## Descriptive Statistics Using describe() Function in Pandas

Have you ever wondered how to quickly calculate and view descriptive statistics for your dataset? Using the describe() function in pandas can make this task a breeze! In this article, we will explore the syntax and default output of describe() and discuss how to specify the metrics to calculate, such as mean and standard deviation.

## 1. Syntax and Default Output

To get started, let’s take a look at the basic syntax for using the describe() function in pandas:

`dataframe.describe()`

This will calculate and display basic summary statistics for each numeric variable in the dataframe, such as count, mean, standard deviation, minimum, and maximum values. The default output will look something like this:

```
height weight age
count 5.00 5.00 5.000000
mean 68.00 150.00 35.000000
std 3.26 15.81 10.954451
min 64.00 130.00 22.000000
25% 66.00 140.00 25.000000
50% 68.00 150.00 35.000000
75% 70.00 160.00 45.000000
max 72.00 170.00 50.000000
```

This output provides a quick overview of the dataset’s numeric variables, including the number of non-missing values (count), the average value (mean), and the variability of the variable (standard deviation).

## 2. Specifying Metrics to Calculate

Sometimes, we may only be interested in specific metrics for our dataset, such as the mean and standard deviation. Fortunately, we can specify which metrics to calculate using the optional parameter of the describe() function.

For example, if we only want to view the mean and standard deviation for the numeric variables, we can use the syntax:

`dataframe.describe().loc[['mean', 'std']]`

### 2.1. Example: Use describe() in Pandas to Only Calculate Mean and Std

Now, let’s see an example of how to use the describe() function in pandas to calculate only the mean and standard deviation for a sample DataFrame.

## 3. Creating a Sample DataFrame

First, let’s create a sample DataFrame with three numeric variables: height, weight, and age. We can use the pandas DataFrame function to create this dataset:

```
import pandas as pd
data = {'height': [64, 66, 68, 70, 72],
'weight': [130, 140, 150, 160, 170],
'age': [22, 25, 35, 45, 50]
}
df = pd.DataFrame(data)
print(df)
```

This will create a DataFrame with five rows and three columns:

```
height weight age
0 64 130 22
1 66 140 25
2 68 150 35
3 70 160 45
4 72 170 50
```

## 4. Viewing the Sample DataFrame

Now that we have our sample DataFrame, let’s take a look at it using the .head() function to view its first five rows:

`print(df.head())`

This will output:

```
height weight age
0 64 130 22
1 66 140 25
2 68 150 35
3 70 160 45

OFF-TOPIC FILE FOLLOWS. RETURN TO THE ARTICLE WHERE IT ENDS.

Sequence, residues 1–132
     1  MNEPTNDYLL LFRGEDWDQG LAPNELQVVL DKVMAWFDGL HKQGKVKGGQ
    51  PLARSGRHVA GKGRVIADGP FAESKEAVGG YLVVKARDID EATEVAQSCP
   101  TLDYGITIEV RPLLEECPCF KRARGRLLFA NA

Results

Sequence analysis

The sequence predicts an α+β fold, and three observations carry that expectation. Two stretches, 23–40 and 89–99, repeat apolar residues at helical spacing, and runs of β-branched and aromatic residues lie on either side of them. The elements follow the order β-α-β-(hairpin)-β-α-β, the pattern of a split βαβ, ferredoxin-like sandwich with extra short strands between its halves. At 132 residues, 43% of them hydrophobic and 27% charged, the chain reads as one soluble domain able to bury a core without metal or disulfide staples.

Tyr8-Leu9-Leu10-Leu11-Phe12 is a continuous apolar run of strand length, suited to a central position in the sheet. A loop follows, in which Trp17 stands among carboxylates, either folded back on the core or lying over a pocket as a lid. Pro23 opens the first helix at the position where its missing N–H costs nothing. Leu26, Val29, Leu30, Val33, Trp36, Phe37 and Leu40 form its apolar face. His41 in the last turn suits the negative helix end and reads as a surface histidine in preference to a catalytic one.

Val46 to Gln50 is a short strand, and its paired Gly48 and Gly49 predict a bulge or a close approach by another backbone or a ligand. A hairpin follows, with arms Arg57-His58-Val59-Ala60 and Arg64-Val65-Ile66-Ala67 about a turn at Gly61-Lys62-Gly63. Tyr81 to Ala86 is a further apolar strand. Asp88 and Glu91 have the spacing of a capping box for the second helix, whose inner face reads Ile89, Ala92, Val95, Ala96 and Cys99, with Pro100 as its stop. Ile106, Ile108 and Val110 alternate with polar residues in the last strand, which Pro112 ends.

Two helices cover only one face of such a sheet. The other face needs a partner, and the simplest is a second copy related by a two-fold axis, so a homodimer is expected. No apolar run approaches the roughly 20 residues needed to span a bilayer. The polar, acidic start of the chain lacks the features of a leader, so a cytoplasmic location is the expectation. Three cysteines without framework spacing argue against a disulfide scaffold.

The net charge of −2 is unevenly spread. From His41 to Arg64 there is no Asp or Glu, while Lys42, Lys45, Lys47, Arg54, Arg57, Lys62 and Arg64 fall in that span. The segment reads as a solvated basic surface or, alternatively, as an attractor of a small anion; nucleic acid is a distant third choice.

4 72 170 50
```

## 5. Calculating Descriptive Statistics for Each Numeric Variable

To calculate the summary statistics for each numeric variable in our DataFrame, we can simply use the describe() function:

`print(df.describe())`

This will display the following output:

```
height weight age
count 5.000000 5.00000 5.000000
mean 68.000000 150.00000 35.000000
std 3.261901 15.81139 10.954451
min 64.000000 130.00000 22.000000
25% 66.000000 140.00000 25.000000
50% 68.000000 150.00000 35.000000
75% 70.000000 160.00000 45.000000
max 72.000000 170.00000 50.000000
```

## 6. Using Syntax to Only Calculate Mean and Standard Deviation

If we only want to calculate the mean and standard deviation for the numeric variables in our DataFrame, we can use the syntax:

`print(df.describe().loc[['mean', 'std']])`

This will display the following output:

```
height weight age
mean 68.000000 150.0 35.000000
std 3.261901 15.8 10.954451
```

## 7. Output with Mean and Standard Deviation Only

As you can see, the syntax we used only returned the mean and standard deviation for each variable, which can be a quick and easy way to get the information we need.

## 8. Conclusion

Using the describe() function in pandas is a powerful tool for quickly calculating and viewing summary statistics for your dataset. By default, describe() provides summary statistics for each numeric variable in a DataFrame, including the count, mean, standard deviation, minimum, and maximum values.

However, we can also specify which metrics to calculate using the optional parameter of the function. This technique can save us time and energy when working with large datasets, making the statistical analysis process much more efficient.

In conclusion, using the describe() function in pandas can be an efficient and effective way to quickly calculate and view summary statistics for your dataset. By default, this function provides basic summary statistics for each numeric variable in a DataFrame, but you can also specify which metrics to calculate.

This can save you time and effort when working with large datasets and make the statistical analysis process much more streamlined. With the importance of data analysis increasing in industries across the board, mastering the use of functions like describe() can be vital in ensuring accurate and efficient results.